Catbat

5 Jan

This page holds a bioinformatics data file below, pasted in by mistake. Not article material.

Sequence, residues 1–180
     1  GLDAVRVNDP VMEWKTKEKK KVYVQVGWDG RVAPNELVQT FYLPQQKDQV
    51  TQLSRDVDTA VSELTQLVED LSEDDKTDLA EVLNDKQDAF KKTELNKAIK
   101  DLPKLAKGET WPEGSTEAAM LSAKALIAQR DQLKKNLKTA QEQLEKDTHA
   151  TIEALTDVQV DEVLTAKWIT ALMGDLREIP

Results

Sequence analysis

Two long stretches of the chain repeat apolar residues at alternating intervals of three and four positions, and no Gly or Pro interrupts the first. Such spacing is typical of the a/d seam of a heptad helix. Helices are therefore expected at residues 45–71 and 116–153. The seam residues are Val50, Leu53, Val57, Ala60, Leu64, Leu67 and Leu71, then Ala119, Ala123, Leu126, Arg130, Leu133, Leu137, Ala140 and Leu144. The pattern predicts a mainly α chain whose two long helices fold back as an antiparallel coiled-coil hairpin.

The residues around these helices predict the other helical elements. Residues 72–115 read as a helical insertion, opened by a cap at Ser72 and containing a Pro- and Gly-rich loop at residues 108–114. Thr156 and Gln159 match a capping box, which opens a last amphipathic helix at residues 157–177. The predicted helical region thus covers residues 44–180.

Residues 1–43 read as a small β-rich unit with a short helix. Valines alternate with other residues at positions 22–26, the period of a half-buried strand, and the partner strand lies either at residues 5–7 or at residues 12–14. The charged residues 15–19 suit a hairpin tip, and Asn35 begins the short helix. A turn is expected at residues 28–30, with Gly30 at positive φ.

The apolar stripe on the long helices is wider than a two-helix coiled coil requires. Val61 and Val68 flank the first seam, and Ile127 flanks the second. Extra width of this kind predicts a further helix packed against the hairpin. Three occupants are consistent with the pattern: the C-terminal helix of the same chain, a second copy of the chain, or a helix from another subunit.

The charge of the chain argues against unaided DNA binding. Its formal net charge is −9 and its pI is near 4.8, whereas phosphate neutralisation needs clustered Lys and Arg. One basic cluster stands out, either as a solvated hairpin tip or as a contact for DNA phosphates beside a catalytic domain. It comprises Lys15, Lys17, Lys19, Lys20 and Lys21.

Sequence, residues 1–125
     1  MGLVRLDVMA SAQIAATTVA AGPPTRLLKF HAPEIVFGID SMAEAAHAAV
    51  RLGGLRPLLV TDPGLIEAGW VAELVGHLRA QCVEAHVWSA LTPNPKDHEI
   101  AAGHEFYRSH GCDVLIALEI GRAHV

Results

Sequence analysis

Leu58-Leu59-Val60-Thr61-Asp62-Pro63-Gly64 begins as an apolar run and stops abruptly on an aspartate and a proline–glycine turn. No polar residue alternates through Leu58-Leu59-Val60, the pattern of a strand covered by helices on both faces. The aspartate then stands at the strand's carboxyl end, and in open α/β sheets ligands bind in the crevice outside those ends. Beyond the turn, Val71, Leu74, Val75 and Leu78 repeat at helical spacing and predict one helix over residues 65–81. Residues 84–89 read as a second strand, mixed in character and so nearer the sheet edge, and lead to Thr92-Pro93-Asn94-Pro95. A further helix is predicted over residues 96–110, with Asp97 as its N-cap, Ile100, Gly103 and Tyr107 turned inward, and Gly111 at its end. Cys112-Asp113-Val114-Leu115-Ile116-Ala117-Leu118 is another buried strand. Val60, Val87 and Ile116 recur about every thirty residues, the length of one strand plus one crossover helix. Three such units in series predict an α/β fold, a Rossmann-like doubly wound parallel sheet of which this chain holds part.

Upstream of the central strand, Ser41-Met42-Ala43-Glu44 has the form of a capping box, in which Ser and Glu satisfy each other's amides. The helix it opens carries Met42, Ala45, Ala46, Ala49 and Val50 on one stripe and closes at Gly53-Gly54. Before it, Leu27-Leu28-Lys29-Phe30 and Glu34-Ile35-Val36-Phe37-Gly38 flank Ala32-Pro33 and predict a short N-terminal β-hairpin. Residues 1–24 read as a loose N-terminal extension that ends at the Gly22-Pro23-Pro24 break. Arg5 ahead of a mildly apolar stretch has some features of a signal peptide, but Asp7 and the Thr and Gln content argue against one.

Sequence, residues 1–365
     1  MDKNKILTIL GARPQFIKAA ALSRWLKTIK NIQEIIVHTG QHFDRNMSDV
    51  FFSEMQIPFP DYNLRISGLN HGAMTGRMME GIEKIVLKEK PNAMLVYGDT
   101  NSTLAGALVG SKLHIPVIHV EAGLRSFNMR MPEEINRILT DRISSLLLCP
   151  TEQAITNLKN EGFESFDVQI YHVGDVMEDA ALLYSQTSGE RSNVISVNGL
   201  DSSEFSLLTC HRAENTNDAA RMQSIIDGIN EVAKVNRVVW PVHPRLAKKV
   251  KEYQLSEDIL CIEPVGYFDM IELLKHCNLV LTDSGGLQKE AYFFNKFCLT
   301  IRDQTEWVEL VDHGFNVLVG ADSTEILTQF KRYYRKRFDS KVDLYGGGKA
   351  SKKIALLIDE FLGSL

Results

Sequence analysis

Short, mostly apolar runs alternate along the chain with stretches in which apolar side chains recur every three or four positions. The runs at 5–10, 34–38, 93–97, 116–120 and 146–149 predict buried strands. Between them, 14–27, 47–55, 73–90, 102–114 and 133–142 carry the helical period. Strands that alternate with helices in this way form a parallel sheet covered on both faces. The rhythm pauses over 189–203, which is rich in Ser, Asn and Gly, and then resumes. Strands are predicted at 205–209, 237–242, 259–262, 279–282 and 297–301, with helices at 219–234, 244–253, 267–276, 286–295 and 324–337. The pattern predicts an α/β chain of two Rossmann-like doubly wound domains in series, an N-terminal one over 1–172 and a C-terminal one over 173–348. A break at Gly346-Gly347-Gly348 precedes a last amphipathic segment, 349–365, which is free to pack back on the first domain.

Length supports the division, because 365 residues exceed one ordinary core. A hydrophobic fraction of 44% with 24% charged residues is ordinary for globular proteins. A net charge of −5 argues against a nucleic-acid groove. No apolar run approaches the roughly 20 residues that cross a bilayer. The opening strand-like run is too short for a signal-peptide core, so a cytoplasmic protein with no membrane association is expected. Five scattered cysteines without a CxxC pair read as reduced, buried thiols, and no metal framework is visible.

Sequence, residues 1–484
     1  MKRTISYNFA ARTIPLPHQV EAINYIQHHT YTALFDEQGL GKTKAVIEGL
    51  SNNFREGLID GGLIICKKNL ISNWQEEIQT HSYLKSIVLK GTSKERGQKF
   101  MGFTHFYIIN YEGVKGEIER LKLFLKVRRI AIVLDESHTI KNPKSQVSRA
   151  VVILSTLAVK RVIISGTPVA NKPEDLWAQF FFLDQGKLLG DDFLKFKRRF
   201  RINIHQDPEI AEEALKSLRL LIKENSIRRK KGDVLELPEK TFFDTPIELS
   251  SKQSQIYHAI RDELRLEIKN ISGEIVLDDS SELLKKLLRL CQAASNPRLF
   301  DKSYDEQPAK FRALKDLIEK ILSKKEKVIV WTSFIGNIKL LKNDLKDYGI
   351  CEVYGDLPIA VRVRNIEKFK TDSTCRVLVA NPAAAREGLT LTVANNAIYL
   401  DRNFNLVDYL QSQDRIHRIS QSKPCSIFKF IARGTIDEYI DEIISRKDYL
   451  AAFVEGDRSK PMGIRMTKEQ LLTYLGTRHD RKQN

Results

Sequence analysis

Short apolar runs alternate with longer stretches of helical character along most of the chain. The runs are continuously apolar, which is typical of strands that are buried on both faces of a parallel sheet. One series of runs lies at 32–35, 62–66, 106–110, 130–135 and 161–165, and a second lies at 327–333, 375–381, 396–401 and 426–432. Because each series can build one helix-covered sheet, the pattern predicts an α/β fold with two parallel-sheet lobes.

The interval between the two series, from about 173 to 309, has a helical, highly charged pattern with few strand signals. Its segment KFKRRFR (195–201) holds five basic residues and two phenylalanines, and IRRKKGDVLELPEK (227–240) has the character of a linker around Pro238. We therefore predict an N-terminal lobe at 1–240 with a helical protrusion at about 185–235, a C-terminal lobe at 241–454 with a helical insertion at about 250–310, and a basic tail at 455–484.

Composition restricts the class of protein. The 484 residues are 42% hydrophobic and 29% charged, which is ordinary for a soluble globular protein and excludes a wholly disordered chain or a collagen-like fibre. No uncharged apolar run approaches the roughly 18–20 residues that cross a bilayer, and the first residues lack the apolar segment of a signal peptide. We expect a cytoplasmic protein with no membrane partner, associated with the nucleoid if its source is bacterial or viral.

There were just a few animals at the pound that day. I noticed only one, the batcat. Or catbat, a kitten sized bat with the face of a cat. But not any cat. My cat. My cat who had recently left her tiny body to pursue other worlds, her ninth life having expired. I saw her everywhere, around every corner. Her meow woke me in the night as it rang in the center of my ear, like it was coming from inside of me. When it woke me, she wasn’t there. She was nowhere. But every time I walked into the house, the garden, the driveway, I expected her, I felt her. Every time every day, the disappointment of her body not where it should have been, filled my heart with sinking dread. When I found the catbat at the pound, I knew I had to adopt her. They handed her to me in a ziplock bag with an inch of the ziplock open for air. I brought her to the counter and took her out of the bag. This bag will not do, I said. They offered me a blanket to wrap her little body in. Her eyes were closed and I rubbed my finger up the bridge of her nose, like I used to do with my cat, the same little gray face. When I took my hand away from her face, just for a moment, the catbat woke. She leapt up off the counter and onto the floor. Someone was walking in and the front door was open. She ran out into the night. Catch her, I said. But I said it half-heartedly. I knew she had to leave. You can’t have a bat as a pet. Even a catbat. My heart sank, the way it sank everyday since my cat died. I let her go. I let them both go.

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